I'm sure if we did this album again it would be different and the next album again will be different, but for now it's a good picture of where we were a year ago. I think the best bands in history has always done different thing, although there is a thread between each album they do, by either being extremely cutting edge or going against the grain of what is currently in vogue.

I think next time we will do something that sounds more futuristic that you can possibly imagine. There's an element of very interesting sounds in what we do, but I think we could push the boat out and be a little more adventurous in terms of how we present it and what we sing about. Almost like being a duo in a Bjork sense, like in the way she looks in a futuristic way at everything she does.

Q: Before Alpinestars came together as a duo, you were both playing in bands around the city. Was it a sense of you brought synths in for "B.A.S.I.C" and then you wanted to get back to your rock & roll roots with the next album?
A: I think we naturally do what we've done on this album more naturally than what we do on the first record. We did the kind of stuff for Homoelectric very quickly and we never had the chance to think about doing vocals for it. And then we got signed to Faith & Hope on the basis of what we'd done and they weren't expecting us to do any singing at all.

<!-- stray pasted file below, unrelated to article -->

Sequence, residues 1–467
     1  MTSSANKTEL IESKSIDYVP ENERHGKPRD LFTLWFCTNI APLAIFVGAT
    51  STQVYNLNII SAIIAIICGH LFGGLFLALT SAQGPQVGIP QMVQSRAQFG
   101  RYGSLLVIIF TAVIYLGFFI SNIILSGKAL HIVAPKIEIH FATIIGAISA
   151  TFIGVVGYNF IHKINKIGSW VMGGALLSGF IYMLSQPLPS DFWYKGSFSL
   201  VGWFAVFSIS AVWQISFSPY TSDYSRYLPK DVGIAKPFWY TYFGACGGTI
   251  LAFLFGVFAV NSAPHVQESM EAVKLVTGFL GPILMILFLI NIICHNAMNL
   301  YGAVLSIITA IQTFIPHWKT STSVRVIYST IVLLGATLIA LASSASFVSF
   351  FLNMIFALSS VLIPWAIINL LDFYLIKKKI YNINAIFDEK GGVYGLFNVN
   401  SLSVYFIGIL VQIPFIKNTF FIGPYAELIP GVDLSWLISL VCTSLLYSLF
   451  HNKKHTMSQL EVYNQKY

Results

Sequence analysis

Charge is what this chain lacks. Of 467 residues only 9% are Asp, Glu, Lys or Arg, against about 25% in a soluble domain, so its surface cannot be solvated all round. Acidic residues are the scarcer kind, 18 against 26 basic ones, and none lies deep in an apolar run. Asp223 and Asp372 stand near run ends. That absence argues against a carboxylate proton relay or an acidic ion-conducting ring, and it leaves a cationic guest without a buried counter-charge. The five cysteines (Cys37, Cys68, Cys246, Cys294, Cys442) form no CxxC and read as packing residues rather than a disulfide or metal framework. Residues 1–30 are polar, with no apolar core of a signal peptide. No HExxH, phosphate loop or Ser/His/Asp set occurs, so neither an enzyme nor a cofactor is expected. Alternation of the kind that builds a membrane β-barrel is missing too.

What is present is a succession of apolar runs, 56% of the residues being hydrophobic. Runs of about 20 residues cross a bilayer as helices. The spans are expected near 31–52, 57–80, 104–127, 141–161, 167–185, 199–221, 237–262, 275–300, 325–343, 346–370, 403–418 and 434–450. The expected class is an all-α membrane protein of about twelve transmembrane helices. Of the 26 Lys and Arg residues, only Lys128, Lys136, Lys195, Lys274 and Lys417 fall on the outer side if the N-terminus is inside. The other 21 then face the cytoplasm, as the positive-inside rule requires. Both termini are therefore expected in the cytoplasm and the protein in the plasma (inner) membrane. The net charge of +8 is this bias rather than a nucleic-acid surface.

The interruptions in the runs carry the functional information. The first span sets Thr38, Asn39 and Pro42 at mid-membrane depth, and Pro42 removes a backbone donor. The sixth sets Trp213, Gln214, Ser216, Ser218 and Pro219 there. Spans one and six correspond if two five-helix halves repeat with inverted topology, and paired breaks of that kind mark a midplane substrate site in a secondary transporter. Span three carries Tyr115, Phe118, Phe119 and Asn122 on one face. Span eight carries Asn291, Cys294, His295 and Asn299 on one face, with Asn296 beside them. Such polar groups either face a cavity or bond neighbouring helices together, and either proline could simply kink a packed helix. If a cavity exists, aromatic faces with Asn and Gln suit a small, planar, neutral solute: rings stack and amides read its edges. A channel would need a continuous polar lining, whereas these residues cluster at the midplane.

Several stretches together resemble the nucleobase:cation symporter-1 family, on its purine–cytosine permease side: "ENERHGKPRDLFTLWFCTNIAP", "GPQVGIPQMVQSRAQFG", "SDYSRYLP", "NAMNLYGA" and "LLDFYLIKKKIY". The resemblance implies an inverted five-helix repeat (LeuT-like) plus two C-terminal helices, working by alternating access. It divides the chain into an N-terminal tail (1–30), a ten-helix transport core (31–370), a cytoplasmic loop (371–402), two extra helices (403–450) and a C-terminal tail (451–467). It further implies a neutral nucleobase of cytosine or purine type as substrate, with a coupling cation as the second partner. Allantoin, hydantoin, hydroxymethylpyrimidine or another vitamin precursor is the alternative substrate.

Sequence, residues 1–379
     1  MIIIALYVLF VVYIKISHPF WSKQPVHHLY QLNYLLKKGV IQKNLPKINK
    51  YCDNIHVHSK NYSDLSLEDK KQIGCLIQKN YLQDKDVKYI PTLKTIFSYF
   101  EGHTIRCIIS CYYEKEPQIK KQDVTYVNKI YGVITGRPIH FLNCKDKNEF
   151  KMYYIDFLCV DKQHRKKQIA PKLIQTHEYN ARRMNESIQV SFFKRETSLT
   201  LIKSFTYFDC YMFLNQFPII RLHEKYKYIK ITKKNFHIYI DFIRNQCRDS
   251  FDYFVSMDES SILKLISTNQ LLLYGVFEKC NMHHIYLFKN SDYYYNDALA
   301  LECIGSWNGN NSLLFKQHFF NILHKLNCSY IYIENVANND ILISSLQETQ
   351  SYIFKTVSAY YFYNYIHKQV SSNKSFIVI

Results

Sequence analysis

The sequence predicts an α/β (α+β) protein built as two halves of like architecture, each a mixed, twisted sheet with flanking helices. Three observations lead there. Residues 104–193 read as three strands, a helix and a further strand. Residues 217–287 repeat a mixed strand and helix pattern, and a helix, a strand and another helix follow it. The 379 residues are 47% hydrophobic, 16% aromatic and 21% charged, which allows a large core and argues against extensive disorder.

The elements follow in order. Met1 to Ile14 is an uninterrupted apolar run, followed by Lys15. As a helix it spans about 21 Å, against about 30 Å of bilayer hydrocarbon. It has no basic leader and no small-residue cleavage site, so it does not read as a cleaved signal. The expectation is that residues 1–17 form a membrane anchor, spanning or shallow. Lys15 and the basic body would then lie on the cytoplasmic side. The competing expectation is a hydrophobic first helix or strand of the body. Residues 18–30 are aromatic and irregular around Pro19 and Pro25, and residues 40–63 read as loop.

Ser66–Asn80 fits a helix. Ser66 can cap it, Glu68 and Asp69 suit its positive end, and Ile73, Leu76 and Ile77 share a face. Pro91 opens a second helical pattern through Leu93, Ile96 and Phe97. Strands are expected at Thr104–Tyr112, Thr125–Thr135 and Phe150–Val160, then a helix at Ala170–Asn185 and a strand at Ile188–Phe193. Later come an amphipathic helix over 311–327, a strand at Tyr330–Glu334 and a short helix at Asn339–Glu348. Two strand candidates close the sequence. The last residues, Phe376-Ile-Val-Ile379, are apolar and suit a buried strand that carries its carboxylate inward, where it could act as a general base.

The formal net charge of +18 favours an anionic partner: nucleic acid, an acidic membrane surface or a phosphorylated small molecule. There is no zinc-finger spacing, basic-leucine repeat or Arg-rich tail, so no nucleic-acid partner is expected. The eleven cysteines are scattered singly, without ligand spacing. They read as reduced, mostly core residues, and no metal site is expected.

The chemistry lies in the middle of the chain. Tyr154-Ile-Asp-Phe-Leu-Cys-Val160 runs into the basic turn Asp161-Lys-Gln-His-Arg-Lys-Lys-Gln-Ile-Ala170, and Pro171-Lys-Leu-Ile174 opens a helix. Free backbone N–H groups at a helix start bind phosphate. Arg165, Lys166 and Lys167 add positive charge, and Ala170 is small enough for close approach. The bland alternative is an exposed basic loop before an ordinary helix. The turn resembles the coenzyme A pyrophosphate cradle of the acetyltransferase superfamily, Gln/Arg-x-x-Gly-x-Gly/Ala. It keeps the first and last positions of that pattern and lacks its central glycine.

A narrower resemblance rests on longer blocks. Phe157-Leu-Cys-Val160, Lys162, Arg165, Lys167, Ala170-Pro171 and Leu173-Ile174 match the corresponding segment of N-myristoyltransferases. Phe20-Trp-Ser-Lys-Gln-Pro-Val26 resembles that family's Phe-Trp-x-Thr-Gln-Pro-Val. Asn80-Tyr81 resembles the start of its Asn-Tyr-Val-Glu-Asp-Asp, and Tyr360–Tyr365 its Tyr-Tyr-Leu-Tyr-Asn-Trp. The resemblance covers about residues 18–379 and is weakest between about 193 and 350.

We thought that to make an impact, if we were starting as new on the record label, one of the main ways to make an impact was to start writing songs that would get ourselves in a position where we could get better known. I think there's a lot of LP's come out in the last 6 to 8 months, Royksopps probably the best example, but you've got FC Kahuna and several others that are very similar in their head space and the way it's been thought about as the record we did as B.A.S.I.C. I think they're much more accomplished and they're really good pieces of music, but essentially they're not coming from any different standpoint. And we didn't want to be another sampler duo!!!

Q: Now that you're playing with a full band and you can combine the aesthetics of rock music with the energy of dance music - do you find that the Alpinestars club set is almost like a pale comparison?
A: It's frustrating, but you know it has a really positive side. We did all the gigs with Faithless and there's no way we could have done the band thing with them...they wouldn't have even asked us to do it. The last four shows we did with them were almost like our own shows - it was like we were part of Faithless or something - and we also got to play Wembley.

Most of the music we played in those live shows are like nothing were going to do next and that's really cool. The club set and the band set are really exciting and it just depends on where you're doing it and who you're doing it with. I think if we could have the same impact as Faithless and Groove Armada in our live shows, in the sense that if you listen to the album it isn't anything like the live shows, it would be great.

The Album "White Noise" is out now
For more info on tour dates / releases